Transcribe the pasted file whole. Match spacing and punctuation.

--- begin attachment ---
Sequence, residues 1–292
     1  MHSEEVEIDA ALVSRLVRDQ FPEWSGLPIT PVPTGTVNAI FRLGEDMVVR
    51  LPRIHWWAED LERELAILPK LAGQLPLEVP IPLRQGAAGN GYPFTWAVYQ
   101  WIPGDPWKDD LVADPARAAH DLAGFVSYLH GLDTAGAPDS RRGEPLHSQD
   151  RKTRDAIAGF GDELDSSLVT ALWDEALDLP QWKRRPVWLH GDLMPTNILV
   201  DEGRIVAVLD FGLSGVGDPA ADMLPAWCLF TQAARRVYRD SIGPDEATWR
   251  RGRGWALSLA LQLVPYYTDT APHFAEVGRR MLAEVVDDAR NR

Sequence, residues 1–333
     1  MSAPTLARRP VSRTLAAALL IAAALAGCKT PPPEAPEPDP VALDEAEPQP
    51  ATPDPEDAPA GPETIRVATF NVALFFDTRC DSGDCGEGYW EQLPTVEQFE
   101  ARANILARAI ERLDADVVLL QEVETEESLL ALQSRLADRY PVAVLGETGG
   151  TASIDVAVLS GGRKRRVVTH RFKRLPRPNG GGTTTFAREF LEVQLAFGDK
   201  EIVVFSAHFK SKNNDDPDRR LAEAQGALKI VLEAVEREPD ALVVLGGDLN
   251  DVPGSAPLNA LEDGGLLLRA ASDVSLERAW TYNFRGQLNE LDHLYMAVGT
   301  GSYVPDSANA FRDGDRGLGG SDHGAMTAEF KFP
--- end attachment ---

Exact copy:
Sequence, residues 1–292
     1  MHSEEVEIDA ALVSRLVRDQ FPEWSGLPIT PVPTGTVNAI FRLGEDMVVR
    51  LPRIHWWAED LERELAILPK LAGQLPLEVP IPLRQGAAGN GYPFTWAVYQ
   101  WIPGDPWKDD LVADPARAAH DLAGFVSYLH GLDTAGAPDS RRGEPLHSQD
   151  RKTRDAIAGF GDELDSSLVT ALWDEALDLP QWKRRPVWLH GDLMPTNILV
   201  DEGRIVAVLD FGLSGVGDPA ADMLPAWCLF TQAARRVYRD SIGPDEATWR
   251  RGRGWALSLA LQLVPYYTDT APHFAEVGRR MLAEVVDDAR NR

Sequence, residues 1–333
     1  MSAPTLARRP VSRTLAAALL IAAALAGCKT PPPEAPEPDP VALDEAEPQP
    51  ATPDPEDAPA GPETIRVATF NVALFFDTRC DSGDCGEGYW EQLPTVEQFE
   101  ARANILARAI ERLDADVVLL QEVETEESLL ALQSRLADRY PVAVLGETGG
   151  TASIDVAVLS GGRKRRVVTH RFKRLPRPNG GGTTTFAREF LEVQLAFGDK
   201  EIVVFSAHFK SKNNDDPDRR LAEAQGALKI VLEAVEREPD ALVVLGGDLN
   251  DVPGSAPLNA LEDGGLLLRA ASDVSLERAW TYNFRGQLNE LDHLYMAVGT
   301  GSYVPDSANA FRDGDRGLGG SDHGAMTAEF KFP